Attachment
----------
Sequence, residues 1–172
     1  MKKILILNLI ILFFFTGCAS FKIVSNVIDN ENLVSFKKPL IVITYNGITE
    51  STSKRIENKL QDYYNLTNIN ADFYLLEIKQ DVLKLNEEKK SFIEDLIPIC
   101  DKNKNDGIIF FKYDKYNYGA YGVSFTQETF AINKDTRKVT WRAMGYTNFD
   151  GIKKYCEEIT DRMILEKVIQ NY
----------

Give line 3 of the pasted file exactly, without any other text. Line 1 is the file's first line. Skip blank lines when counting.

    51  STSKRIENKL QDYYNLTNIN ADFYLLEIKQ DVLKLNEEKK SFIEDLIPIC